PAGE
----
Wedge talks about his tenuous job situation

Wedge

With Mariners management having told general manager Jack Zduriencik he’ll be back for 2014, the question now is whether Eric Wedge and his staff will be retained for next season.

And that’s a question the third-year manager is well aware of as he heads into the final days of a three-year contract with only word that he’s to meet with management after the season ends.

“It’s tough. I feel like I’m hanging out there, that’s the reality of it,” Wedge said Wednesday. “But I’m coming here and doing my job. You know how passionate I am about this team, and these players in particular, and this organization. The unfortunate part about how it’s being handled is the effect it has on the players. That’s why we’re all here, is for the players.

“I’m a strong man, and I’m going to be fine either way,” said Wedge. “But I’d like to see this thing through. We’ve done a lot of developing with a lot of young players over three years. I’d like to be here to lead them and turn the corner. “

Wedge’s contract expires at the end of this year and the Mariners have taken a step back in terms of win-loss record in his third season. After inheriting a team that went 61-101 in 2010, the Mariners finished 67-95 in Wedge’s first season and 75-87 last year. They’re 69-89 now with four games remaining.

Wedge recognizes it’s a bottom-line business and he had higher expectations for this year as well, but feels there are other circumstances at play. The club suffered several critical injuries in the opening weeks and didn’t get the hoped-for contribution from right fielder Michael Morse as well as the critical up-the-middle core of center fielder Franklin Gutierrez, shortstop Brendan Ryan, second baseman Dustin Ackley and catcher Jesus Montero.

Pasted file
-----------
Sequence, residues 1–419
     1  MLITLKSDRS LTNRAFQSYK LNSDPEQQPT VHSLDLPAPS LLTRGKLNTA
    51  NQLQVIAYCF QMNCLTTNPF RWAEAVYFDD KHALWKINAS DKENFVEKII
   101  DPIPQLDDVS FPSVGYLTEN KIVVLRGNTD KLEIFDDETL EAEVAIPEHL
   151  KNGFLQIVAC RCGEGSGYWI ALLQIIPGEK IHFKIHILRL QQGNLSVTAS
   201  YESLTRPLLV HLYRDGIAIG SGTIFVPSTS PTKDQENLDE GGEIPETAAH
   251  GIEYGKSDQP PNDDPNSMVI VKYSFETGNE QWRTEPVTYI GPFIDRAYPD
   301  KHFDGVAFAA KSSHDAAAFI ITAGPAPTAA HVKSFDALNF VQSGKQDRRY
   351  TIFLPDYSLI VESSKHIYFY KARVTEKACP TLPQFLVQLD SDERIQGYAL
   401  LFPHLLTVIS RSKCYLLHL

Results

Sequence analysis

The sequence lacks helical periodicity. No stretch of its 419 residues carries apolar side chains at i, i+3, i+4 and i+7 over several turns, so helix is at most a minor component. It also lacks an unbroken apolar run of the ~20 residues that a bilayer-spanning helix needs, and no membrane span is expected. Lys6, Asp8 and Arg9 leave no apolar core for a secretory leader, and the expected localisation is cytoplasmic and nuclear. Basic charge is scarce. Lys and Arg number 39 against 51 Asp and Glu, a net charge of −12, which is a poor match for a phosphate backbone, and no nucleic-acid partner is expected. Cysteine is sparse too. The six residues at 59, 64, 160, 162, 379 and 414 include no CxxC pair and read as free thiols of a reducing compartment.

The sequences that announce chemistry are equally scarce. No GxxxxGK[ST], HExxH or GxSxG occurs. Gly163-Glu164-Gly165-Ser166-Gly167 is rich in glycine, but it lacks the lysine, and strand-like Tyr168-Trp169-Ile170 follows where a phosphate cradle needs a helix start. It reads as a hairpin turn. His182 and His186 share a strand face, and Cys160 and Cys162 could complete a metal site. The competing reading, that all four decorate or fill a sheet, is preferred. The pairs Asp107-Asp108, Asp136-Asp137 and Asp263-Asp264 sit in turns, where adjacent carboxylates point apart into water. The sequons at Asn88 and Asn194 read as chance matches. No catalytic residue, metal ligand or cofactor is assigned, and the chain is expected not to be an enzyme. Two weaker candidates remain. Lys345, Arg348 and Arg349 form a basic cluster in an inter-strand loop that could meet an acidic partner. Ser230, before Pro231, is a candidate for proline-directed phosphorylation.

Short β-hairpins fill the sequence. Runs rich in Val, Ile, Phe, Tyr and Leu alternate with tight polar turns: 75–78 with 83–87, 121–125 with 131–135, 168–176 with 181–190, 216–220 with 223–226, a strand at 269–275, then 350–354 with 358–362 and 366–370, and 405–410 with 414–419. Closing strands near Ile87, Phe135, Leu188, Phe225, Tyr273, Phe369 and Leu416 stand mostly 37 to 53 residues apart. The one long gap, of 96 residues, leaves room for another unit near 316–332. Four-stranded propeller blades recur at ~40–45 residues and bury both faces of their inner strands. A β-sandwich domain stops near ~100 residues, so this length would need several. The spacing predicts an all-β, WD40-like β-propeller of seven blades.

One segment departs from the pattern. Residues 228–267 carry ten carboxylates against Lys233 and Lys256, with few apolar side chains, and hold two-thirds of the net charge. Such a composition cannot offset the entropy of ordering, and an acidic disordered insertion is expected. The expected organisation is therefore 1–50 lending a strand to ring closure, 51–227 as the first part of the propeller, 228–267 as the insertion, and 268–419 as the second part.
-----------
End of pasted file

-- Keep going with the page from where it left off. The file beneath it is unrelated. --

Additionally, the back-end of the starting rotation didn’t produce and the bullpen wore down considerably in the second half, all of which led to a considerable youth movement that saw the arrival of numerous rookies, including four – shortstop Brad Miller, second baseman Nick Franklin, catcher Mike Zunino and outfielder Abraham Almonte – who have been starting on a regular basis in the final months and a pitching staff that leaned heavily on first-year players as well.

He understands the youth movement and doesn’t see change at the top now benefitting that rebuilding process.

“Hey, I’ve done this before,” he said of his experience of eventually taking a young Cleveland franchise to the American League Championship Series. “I know how to do it. The worst thing they could do is blow it up and start over. You’ve got to stick something at some point in time.”

Wedge said he doesn’t think the timeline is any different than what he was presented when he took the job, but that the continued reliance on young players has to be factored in.

“It’s just the way it’s worked out,” he said. “Because you’ve got a lot of good young players coming, and it’s either that or you have to go out and get somebody. We took the alternative of bringing our younger players up. So if you do that, you’re not going to win as many games. But you’re going to be better-suited for the future. It has to be a long-term plan.

“I didn’t get here 12 years ago, I didn’t get here six years ago. I got here less than three years ago. So this is what we’re doing, this is what we’re committed to. You have to have strength. You’ve got to have conviction with what you do. But if somebody else is sitting in this seat tomorrow, they’re going to be in a decent situation moving forward, really.”

Wedge, 45, missed 27 games in late July and August after a stroke hospitalized him briefly. The team was 59-67 when he returned, but has gone 10-22 since. He feels his health situation was a definite disruption to things when it occurred right in the midst of an eight-game winning streak, but shouldn’t be a factor going forward next year.

“That would be unfair,” he said. “It’s been very clear to me from all the doctors I’m going to be 100 percent. I’m going to have to get into the offseason and then I’ll be fine. They said 3-6 months. But hell, I’m going to be better than I ever have been because evidently my brain wasn’t getting enough oxygen each and every night and I was working all day to catch up from it.